Another Brighton bookshop is about to be lost. PS Brighton is covered in 50% discount posters, a ‘To Let’ sign hanging above it. This was an excellent source for cult novels, rock biographies and art books. It’s going to be replaced by another coffee shop.
The day after taking the photograph above, I walked down Trafalgar Street. The shop at the corner of Over Street, most recently a bike shop is being refitted. A ghost-sign has emerged from one of the shop’s former incarnations as the Trafalgar Bookshop. I can no longer remember the specific layout of this place, only that it was one of the places I enjoyed hunting.
Rabbit Island was a bit of Brighton folklore. An overgrown roundabout on the way out of town, you’d sometimes see rabbits peeking out from the undergrowth. The story was that someone had placed a couple of pets there and they’d raised an empire. I’m not sure that makes sense – putting rabbits there rather than the neighbouring park would be ridiculous – but there were definitely a lot of animals trapped in a small area. It was a leporine equivalent of the TV show Lost.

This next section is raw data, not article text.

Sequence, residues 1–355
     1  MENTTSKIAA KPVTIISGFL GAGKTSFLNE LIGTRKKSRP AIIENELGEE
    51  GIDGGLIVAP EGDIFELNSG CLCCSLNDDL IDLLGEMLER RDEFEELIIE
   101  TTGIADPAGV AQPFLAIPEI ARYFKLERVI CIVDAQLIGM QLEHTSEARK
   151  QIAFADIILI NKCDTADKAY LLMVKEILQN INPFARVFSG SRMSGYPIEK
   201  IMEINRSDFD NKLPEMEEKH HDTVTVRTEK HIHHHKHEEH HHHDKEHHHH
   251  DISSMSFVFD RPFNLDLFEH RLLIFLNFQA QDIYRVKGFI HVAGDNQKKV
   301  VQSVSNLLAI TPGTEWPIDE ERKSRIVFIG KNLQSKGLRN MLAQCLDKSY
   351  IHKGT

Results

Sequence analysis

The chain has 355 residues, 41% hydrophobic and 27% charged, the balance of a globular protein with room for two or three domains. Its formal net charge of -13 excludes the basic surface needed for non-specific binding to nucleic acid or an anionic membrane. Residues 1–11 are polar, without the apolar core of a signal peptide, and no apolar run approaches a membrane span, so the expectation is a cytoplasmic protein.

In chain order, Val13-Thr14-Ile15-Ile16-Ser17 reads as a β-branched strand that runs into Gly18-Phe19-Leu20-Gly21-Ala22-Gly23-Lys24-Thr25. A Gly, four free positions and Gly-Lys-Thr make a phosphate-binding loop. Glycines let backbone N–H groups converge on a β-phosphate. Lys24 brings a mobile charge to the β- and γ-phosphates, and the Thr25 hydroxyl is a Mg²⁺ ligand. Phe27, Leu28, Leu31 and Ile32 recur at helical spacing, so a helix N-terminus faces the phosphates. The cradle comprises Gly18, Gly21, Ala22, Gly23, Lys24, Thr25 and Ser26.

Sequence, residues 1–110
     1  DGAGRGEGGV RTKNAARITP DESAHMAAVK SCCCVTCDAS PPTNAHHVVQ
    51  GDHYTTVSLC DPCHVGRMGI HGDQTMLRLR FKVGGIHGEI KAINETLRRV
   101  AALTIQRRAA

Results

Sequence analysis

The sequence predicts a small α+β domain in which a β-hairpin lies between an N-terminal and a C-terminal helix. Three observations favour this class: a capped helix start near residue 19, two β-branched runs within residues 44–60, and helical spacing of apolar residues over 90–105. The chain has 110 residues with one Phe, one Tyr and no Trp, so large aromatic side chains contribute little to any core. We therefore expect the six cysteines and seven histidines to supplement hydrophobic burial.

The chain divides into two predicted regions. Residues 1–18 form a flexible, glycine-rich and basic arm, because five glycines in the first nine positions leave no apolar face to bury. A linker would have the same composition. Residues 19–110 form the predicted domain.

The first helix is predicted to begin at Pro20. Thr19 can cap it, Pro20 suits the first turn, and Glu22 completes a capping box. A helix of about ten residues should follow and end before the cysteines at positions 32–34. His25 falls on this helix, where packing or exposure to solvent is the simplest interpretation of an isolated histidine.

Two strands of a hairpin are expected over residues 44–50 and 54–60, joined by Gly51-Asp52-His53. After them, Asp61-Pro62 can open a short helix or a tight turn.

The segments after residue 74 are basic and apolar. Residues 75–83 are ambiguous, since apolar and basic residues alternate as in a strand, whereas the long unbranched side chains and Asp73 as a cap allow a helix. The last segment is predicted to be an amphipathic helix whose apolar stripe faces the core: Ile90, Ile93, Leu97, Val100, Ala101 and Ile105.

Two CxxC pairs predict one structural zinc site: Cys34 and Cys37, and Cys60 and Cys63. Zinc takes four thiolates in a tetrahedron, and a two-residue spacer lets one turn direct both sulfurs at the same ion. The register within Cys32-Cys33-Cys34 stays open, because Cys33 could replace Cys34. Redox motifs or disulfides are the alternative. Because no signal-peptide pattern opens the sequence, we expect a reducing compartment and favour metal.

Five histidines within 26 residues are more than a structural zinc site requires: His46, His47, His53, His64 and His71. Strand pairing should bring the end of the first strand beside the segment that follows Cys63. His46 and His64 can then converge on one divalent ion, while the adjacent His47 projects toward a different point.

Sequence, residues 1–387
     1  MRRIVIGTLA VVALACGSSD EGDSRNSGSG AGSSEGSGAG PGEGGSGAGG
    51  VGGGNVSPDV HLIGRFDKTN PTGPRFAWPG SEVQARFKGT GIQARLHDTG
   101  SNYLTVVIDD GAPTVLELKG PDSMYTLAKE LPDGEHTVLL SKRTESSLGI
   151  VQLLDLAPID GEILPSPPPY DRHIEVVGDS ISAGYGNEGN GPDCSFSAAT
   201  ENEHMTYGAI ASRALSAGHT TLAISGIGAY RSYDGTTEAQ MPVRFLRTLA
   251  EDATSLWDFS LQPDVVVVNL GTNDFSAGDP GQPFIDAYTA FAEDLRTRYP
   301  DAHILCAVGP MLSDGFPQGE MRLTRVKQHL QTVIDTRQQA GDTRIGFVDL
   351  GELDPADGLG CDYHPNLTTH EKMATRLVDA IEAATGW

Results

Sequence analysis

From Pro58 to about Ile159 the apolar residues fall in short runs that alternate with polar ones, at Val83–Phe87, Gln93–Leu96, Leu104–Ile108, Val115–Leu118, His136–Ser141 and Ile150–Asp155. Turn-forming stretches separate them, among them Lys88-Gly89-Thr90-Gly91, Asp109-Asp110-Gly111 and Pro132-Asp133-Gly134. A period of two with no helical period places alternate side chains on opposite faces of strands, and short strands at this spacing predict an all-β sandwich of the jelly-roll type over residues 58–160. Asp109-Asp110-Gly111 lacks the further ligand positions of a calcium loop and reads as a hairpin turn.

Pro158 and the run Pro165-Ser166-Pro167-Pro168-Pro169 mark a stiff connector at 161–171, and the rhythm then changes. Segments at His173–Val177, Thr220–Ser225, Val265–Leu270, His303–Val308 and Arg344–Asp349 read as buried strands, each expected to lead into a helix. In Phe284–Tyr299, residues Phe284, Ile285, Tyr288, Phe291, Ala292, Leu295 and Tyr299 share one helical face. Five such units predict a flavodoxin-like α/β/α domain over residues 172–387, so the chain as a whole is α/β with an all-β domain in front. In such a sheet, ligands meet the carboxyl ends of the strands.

Earlier this year, the council cut back the vegetation on Rabbit Island. There is no cover, and there are no rabbits. All that remains on the island are a few pieces of metal piping. Apparently this was for safety, although the excellent Brighton Bits website points out that the foliage cut down headlight glare. It’s also a poor welcome for visitors to Brighton.
My friend Vicky Matthews asked what I was going to in this year’s Fringe. I thought I’d do a quick blog post in case anyone else is interested.
There are lots of exciting events, although the best one sold out within a few hours. Alan Moore, John Higgs, Daisy Campbell, Shardcore and others are appearing at the Odditorium for Adventures on the Edge of Culture. I’m particularly excited by John Higgs’ piece Ziggy Blackstar and the Art of Becoming. Also, Alan Moore’s first visit to Brighton since who-knows-when is a big deal. .
A couple of years after his prize-winning show, Chris Parkinson returns with Apostrophe’s. I’m going to the showing on the 27th.
Mathilda Gregory’s show My My Immortal is going to be amazing. There’s an interesting backstory to this but, even if you’ve never heard about it, the performance will awesome. Mathilda did part of it at the last Slash Night and killed.
My friend Kaylee is helping produce a show called ‘Am I Fuckable‘. I don’t know much else about it, but what she’s told me makes it sound awesome.
There are a few other events I’m considering but not sure about. I think I’ve booked tickets to a workshop on pilgrimage, but the Fringe booking system is being somewhat inscrutable. And that’s without even considering the usual free events, open houses and so on. May will be a busy month!